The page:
Photo credit: Museums Sheffield
The impressive building halfway down the pier should make the location identifiable. Could this be Lowestoft South Pier, much of which was destroyed by fire in 1885? The Norfolk born William Cubitt (1785-1861), later Sir William Cubitt, was its original engineer in 1831.
Don't think it is Lowestoft. There is a wealth of photos at this URL from all dates- they don't seem to match.
Is that a Helter Skelter sticking up behind the building?? They only go back to about 1900.
The tall skeletal tower is fairly clearly a harbour entrance light.
The structure to the right, linked to the main pier, seems to be set at a right angle to it with the 'hut' being used as a signal station of some sort. That as distinctive arrangement for which one explanation might be that the much larger building is in part a life-boat house, perhaps with a launching ramp on the seaward end -though I have no idea how far back those go. It all looks distinctive and the 'staffage' more English than French (no red Normandy caps etc as in 'Calais Pier' etc). There are also a lot of people on the outgoing steamer and on the also outgoing and two masted sailing vessel to the right, of which the round stern has a beamy Dutch look but is otherwise hard to put an immediate name to. There's nothing else suggesting 'cross-Channel' so beyond that (and there were a lot of Dutch vessels on the east coast) its probably just a question of finding parallel images.
What we do know is that Edwin Hayes painted views of several piers in his lifetime and in 1860 he exhibited a painting at the Royal Academy titled 'Yarmouth Beach, Galston (sic) Pier' - this should have read Gorleston, which is just to the south of Great Yarmouth. Gorleston isn't the pier in the Sheffield painting but it demonstrates that the artist worked in that area. Other known paintings include views of piers at Ryde, Calais and Ostend. The artist was back in Great Yarmouth before 1876 (see his RA exhibit that year) and before 1890 (another RA exhibit of Gorleston). Although I have read the comments made by Louis, and have seen the images referred to, I think it possible that the Museums Sheffield painting pre-dates most of those images by some decades. The Lowestoft South Pier has suffered various misfortunes in the second half of the 19th century and I think it possible that the Sheffield painting is circa 1860 and depicts the pier as it then was. I think further investigation is needed as I am not certain that we can rule out Lowestoft yet.
The NMM's many sketches by E.W. Cooke include the piers at Great Yarmouth and Lowestoft, 1856 (and circa). Yarmouth had openwork lookout/beacon towers ashore but no buildings of any size on the piers. Lowestoft also does not seem to fit (see below). There was a 'hut'/ signal station a little similar to that shown by Hayes on the pier at Gorleston, but the pier structure extends further than Hayes shows and the rest (inc that EWC only shows the end of the pier) does not seem to fit.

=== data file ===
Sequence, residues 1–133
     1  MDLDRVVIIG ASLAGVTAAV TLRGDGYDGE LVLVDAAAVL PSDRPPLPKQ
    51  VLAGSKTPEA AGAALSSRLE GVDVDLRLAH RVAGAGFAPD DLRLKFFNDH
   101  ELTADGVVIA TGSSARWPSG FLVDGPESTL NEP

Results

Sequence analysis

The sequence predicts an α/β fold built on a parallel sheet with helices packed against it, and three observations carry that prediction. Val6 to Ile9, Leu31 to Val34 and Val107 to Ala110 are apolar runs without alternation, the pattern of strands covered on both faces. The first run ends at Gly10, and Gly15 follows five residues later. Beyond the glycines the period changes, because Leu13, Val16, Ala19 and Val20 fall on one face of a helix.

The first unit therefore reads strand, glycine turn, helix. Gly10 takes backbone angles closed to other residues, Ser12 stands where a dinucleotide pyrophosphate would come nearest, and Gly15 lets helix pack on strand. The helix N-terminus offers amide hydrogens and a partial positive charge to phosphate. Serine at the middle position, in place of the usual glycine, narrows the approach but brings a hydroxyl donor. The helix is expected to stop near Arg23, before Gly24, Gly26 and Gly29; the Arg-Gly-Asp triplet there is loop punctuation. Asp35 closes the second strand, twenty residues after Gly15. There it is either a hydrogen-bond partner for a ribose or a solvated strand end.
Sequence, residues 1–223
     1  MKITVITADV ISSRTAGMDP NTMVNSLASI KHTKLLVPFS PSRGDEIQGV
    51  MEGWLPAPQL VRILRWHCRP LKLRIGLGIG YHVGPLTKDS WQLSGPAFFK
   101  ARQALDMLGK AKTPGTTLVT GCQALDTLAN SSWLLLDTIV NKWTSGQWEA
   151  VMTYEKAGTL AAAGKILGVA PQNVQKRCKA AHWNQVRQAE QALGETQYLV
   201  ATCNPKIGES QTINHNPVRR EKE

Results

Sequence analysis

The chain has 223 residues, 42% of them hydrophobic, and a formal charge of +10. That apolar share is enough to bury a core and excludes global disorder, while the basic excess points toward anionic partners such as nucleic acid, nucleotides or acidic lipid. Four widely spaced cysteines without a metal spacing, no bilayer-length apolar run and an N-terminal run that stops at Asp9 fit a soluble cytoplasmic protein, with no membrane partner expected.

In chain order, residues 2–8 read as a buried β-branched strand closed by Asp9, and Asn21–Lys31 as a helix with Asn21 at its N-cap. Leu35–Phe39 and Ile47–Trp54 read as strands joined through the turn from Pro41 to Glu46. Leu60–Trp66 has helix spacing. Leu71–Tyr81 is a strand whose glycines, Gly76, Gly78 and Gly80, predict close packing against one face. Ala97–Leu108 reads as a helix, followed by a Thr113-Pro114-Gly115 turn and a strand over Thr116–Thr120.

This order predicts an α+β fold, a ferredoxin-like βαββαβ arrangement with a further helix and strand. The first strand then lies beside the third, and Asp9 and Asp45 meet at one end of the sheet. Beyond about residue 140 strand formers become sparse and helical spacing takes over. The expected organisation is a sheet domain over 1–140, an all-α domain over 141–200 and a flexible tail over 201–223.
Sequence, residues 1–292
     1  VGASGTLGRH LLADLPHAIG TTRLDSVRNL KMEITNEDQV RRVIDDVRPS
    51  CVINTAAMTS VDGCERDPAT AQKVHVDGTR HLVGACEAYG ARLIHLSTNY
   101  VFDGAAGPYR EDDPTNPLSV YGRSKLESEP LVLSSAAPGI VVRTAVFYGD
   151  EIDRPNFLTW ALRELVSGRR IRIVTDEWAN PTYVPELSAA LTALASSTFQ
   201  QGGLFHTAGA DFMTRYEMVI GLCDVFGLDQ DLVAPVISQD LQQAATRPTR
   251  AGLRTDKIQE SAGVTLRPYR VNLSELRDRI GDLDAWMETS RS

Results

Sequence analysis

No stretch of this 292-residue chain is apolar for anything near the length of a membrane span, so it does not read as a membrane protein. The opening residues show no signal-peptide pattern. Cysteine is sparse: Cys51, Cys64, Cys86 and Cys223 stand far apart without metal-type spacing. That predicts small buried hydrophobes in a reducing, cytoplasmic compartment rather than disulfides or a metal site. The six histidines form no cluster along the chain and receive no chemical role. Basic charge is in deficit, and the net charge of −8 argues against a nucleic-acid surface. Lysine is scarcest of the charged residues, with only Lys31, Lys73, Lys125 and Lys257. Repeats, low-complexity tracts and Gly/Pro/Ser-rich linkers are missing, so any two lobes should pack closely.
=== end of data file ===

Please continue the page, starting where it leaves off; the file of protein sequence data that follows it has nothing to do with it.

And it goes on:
The end of the north pier at Calais (drawn bt EWC in 1875) also looks different and not enough is shown.
I mentioned a helter skelter as there was one at Yarmouth.
Ostend pier had a kink and a light.But no building in 1895.
Also in 1880 ish they had a similar paddle steam tug.
However , the glow in the clouds skywise might indicate we are looking south-ish.
The steamer is sufficiently large and crowded to suggest it might be a cross-Channel European location but if so the absence of any sort of 'national' identifier in terms of flags or dress is odd. If another identifying image cannot be found it will remain a mystery but even if so the title the title ought to change to 'Shipping leaving harbour in a rough sea': neither of the main vessels at centre area arriving.
I think I have it. Calais Pier. That is if this linked picture description is correct.
Louis, well spotted. As you suggest, I think we need a little more evidence before confirming Calais as the location. I found the http://www.spd-calais.com website which includes information on the port and the pier. I hope this link works. https://www.spd-calais.com/en/calais-port-2015/calais-port-2015-project-presentation/history-of-calais-port It seems that a lot of work was undertaken in 1848 or shortly thereafter in order to improve the cross channel experience for passengers. From reviewing other sites it appears that Calais may have had two piers in the mid to late 19th century. I think the pier in the Sheffield painting must have been the larger of the two. In regard to Edwin Hayes' exhibits at the Royal Academy I found two with Calais in the title, namely 'Spring Tide, Calais Pier' exhibited 1873 and 'Entrance to Calais Harbour: fishing boats returning from sea' shown in 1874. It appears that the Alamy stock photo shows a painting from 1879 signed Mason (?). I suppose the question is was that pier in place in the early 1870s which would make it possible that one of the RA exhibits is the Sheffield painting?